Following his third failure at the examination in 1837, Hong fell seriously ill and began to have visions of a blond, bearded, black-clad old man in heaven. In Hong’s visions, the old man adopted him as the younger brother of Jesus Christ and gave him a magic sword with which to extirpate devils before returning him to earth. Following this conversion experience, Hong became somber and serious, evincing great interest in local and national politics.

For the next six years, Hong worked as a village teacher. In 1843, he failed the civil service examination yet again. This time, along with his cousin Li Jingfan, he turned to studying the copy of Quanshi liangyan Quanshi liangyan (Liang Afa) he had acquired seven years earlier. Li’s interpretation of the eschatological contents of this tract aligned them with Hong’s visions of 1837, which formed his mission henceforth. The two cousins baptized each other and began an evangelical mission, converting, among others, fellow schoolmasters Feng Yunshan Feng Yunshan and Hong Rengan. Hong Rengan They went about destroying Confucian tablets in schools and removing idols from temples. Consequently, they were fired from their teaching jobs, whereupon they relocated to the village of Kuixian in the Guangxi hills.

Hong returned to Guangdong in September, 1844, to continue to study Confucian li-yun and datong, as well as the Bible. In the same year, Feng Yunshan founded a formal organization to teach Hong’s new faith: the Bai Sangdi Hui (God Worshipers Society). The society was based at Zujingshan (Thistle Moutain), in southern Guangxi.

In 1847, Hong and his cousin Hong Rengan went to Guangzhou for a formal baptism and instructions on the Bible by the Reverend Issachar J. Roberts Roberts, Issachar J. but returned to Guangxi after six months without being baptized formally. Meanwhile, the God Worshipers Society China;God Worshipers Society had gathered thousands of followers, mostly poor peasants from the Hakka and the non-Chinese Miao and Yao tribes. Other bands, among them members of anti-Manchu secret societies, such as the Triad (Sanhehui) and the Heaven and Earth (Tiandihui), had also formed in the same region. These groups joined Hong’s organization. Thus, Hong Xiuquan’s Hong Xiuquan revolutionary movement, by virtue of its diverse membership, combined Christian religious elements, anti-Manchu nationalist elements, and socioeconomic elements represented by discontent peasants seeking a better life.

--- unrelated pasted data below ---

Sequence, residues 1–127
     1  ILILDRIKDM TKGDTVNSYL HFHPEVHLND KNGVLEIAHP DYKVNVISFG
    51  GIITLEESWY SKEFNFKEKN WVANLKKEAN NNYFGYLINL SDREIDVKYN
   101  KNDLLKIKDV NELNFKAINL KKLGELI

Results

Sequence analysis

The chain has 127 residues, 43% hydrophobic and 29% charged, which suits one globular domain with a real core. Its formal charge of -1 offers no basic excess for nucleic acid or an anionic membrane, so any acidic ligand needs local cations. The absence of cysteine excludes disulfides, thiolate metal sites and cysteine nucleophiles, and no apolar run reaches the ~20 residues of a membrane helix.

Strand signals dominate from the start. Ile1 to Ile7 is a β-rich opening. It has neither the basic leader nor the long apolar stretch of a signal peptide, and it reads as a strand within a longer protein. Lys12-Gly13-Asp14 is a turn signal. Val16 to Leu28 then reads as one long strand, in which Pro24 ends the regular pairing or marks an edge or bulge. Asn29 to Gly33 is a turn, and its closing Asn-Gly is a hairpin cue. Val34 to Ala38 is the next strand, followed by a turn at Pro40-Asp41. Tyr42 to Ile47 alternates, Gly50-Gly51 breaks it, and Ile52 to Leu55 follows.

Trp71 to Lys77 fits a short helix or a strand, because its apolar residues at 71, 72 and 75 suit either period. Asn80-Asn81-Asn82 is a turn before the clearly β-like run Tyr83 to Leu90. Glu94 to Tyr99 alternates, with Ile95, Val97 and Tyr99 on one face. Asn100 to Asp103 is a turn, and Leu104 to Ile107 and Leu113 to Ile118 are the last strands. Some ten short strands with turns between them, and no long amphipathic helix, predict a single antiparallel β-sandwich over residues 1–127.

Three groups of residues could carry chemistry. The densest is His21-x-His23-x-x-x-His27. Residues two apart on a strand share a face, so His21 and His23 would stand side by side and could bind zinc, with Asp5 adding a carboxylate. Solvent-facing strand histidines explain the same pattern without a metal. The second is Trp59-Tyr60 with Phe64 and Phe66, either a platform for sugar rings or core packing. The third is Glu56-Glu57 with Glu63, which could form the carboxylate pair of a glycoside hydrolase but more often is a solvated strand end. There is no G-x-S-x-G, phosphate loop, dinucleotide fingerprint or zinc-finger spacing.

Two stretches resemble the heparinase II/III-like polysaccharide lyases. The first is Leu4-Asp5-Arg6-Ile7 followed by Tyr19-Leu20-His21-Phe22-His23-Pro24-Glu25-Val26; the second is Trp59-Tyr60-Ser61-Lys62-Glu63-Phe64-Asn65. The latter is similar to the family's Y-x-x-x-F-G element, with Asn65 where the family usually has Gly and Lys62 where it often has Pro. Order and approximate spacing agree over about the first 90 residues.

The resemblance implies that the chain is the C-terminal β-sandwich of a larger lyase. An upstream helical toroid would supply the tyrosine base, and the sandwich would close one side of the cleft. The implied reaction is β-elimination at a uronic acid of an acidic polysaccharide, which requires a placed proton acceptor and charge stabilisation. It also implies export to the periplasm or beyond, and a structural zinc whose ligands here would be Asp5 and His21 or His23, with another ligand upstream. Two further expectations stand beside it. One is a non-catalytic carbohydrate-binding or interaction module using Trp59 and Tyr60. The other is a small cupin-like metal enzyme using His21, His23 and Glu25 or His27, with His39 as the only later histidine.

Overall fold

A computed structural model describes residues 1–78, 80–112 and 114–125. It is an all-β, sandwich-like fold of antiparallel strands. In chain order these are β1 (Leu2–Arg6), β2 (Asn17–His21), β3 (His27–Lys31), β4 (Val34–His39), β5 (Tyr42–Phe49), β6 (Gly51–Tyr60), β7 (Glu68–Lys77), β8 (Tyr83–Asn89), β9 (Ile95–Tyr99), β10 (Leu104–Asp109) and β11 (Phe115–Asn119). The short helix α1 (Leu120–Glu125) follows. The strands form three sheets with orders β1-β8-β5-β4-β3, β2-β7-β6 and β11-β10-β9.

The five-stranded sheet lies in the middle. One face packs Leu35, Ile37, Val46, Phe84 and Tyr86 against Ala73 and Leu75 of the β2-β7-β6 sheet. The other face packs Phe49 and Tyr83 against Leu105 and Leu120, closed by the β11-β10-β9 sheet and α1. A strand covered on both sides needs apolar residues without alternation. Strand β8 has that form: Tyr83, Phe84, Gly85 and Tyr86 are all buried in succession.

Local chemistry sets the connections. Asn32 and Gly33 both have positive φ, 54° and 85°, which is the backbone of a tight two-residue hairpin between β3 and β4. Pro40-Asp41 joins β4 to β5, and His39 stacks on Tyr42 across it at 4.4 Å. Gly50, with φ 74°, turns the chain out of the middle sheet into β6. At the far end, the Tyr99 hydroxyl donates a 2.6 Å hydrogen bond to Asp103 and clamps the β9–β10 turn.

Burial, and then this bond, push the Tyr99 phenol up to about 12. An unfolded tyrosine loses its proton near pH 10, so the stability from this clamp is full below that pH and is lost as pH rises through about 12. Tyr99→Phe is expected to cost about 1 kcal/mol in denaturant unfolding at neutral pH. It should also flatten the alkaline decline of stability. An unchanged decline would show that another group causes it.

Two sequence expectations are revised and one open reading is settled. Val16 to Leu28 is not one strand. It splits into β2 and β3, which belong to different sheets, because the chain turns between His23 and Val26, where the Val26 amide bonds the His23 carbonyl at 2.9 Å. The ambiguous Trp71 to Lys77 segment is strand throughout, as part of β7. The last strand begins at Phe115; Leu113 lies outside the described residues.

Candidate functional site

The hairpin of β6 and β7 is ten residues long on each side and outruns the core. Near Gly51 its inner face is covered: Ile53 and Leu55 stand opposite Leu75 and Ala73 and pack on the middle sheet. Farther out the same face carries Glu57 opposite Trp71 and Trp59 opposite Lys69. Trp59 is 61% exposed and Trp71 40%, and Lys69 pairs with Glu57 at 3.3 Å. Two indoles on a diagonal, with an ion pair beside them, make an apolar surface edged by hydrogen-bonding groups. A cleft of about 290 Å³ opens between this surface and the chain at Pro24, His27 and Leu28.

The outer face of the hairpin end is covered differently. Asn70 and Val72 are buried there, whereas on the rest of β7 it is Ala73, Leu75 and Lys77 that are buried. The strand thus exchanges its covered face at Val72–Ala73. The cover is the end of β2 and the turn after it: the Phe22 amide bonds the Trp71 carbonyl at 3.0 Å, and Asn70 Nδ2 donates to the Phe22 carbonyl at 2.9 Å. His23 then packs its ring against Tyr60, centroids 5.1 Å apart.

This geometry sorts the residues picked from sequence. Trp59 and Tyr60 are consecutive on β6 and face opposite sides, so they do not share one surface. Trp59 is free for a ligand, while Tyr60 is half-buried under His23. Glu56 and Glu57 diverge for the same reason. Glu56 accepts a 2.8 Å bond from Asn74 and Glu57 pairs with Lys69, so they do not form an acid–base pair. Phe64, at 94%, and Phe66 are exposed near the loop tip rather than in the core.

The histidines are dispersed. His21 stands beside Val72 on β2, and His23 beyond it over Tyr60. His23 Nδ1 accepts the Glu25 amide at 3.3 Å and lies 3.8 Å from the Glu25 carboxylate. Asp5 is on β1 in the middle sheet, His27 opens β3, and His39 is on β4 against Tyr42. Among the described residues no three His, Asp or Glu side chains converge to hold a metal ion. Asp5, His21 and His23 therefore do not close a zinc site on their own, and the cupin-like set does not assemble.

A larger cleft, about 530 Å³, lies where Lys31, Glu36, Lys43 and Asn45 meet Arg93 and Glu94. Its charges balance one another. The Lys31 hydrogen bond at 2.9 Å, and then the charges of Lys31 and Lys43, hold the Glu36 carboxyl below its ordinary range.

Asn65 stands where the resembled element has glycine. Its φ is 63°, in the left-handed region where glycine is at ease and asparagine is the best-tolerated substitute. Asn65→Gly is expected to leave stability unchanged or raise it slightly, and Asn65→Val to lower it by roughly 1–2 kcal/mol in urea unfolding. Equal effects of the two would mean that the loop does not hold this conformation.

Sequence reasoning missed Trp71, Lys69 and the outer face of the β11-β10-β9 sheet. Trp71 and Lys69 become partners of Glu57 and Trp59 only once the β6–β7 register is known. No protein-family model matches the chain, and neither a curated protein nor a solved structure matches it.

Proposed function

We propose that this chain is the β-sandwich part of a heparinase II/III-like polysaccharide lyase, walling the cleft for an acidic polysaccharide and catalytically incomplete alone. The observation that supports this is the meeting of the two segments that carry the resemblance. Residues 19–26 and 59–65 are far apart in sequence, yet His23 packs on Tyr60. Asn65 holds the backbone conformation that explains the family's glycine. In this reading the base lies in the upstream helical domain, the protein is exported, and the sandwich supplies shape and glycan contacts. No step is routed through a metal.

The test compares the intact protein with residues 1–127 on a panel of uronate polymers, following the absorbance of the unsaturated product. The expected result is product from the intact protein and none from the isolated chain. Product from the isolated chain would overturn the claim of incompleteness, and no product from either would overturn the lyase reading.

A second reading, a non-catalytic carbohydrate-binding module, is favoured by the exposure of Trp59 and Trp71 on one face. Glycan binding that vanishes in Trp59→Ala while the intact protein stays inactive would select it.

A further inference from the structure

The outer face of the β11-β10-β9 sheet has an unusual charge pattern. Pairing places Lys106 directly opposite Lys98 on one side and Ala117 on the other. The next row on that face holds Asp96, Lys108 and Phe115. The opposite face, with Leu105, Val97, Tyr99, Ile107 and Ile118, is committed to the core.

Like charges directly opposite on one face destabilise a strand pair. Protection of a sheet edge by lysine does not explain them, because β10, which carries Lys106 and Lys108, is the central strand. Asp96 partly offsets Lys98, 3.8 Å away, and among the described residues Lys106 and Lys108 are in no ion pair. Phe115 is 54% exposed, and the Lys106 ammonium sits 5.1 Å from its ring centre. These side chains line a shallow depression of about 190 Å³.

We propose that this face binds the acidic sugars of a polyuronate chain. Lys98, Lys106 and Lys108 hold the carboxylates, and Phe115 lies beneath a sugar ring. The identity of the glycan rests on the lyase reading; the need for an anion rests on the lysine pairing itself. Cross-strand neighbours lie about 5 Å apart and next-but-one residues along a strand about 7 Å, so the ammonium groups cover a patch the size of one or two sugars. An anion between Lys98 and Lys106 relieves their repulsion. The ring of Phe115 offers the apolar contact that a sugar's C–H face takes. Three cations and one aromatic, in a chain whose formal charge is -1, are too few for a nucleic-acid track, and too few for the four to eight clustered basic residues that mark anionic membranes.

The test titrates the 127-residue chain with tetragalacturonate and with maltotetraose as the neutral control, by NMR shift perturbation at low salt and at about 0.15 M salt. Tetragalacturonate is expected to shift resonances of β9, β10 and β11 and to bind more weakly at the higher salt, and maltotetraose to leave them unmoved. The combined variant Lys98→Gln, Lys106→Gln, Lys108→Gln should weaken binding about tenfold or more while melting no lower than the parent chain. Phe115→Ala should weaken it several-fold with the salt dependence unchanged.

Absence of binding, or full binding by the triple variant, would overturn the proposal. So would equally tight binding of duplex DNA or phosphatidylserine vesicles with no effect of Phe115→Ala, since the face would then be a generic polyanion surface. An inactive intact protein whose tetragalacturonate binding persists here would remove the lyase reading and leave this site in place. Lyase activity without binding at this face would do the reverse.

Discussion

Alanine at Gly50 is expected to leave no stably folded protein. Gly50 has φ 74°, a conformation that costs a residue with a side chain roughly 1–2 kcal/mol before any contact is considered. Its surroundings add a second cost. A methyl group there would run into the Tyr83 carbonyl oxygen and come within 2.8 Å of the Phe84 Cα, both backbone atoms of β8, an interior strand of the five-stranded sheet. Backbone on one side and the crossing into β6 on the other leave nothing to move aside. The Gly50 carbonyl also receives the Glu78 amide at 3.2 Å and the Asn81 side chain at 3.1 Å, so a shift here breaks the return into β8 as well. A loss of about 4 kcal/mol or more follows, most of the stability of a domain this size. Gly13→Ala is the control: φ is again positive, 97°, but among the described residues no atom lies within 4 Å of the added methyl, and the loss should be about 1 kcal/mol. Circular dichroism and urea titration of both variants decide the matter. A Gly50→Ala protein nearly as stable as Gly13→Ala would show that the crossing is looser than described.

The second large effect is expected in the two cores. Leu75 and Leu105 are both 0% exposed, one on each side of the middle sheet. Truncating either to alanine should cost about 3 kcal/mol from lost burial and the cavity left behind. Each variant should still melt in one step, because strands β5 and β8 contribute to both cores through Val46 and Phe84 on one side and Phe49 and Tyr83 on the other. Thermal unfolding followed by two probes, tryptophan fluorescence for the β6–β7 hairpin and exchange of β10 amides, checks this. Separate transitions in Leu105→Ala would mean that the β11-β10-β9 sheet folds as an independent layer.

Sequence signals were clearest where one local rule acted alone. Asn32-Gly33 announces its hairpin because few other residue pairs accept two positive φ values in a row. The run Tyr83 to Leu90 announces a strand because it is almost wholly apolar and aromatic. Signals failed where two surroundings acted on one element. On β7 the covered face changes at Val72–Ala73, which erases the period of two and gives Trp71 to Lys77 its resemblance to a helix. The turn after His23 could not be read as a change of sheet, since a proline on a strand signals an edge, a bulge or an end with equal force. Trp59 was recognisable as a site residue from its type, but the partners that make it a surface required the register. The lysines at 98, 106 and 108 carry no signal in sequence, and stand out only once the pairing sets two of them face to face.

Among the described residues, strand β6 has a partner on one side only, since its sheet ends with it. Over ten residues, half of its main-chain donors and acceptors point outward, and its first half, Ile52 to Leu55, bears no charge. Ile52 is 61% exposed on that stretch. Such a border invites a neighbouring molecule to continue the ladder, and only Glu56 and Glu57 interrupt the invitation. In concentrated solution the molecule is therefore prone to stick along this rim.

The final catalyst of the Taiping Rebellion was a famine Famines;Chinese that occurred in 1849-1850. In the summer of 1850, all God Worshipers were called upon to rob the rich to aid the poor and to undertake armed resistance against government troops. To aid the poor, the rebels shared their movable goods in common with the people of their region, thereby gaining considerable support among the populace. On January 11, 1851, at Jintian, Hong and his followers made a formal declaration of revolution against the Qing Dynasty. The revolution would take its name from the titles given to its leader on that day: Hong was unanimously proclaimed heavenly king (tianwang) in the heavenly kingdom of great peace (taiping tianguo); five other leaders received the title of wang (king or vassal king). The term taiping was borrowed from Chinese tradition, while tianguo was taken from the Bible. Thus, the movement that had always melded Confucian and Christian teachings combined the two in the title of their leader. As they interpreted the phrase, taiping tianguo meant “a new heaven, a new earth, a new people, and a new world.”

All followers of the movement adopted pre-Manchu clothing and long hairstyles. (When the Manchus had invaded China, they had mandated changes in dress and hairstyle to resist Chinese nationalism and to make Chinese subjects resemble their Manchu rulers.) In the summer of 1852, the Taipings moved out of their base at Guangxi and traveled toward Hunan in the north and thence toward Hubei down the Yangtze River. After an eleven-day siege in the spring of 1853, they captured Nanjing, where the heavenly king established an egalitarian theocracy based on a constitution called Tianchao Tianmou Jitu (the land system of the heavenly kingdom). When the rebels moved an army further north to take Beijing Beijing , the imperial government relocated its capital to Jehol. In the same year, Taipings made common cause with the Nian, secret gangs comprising the victims of the Yangtze flood Floods;Chinese and the lawless elements of Shandong, Henan, Jiangsu, and Anhui. Taiping influence spread to six of the richest provinces in China.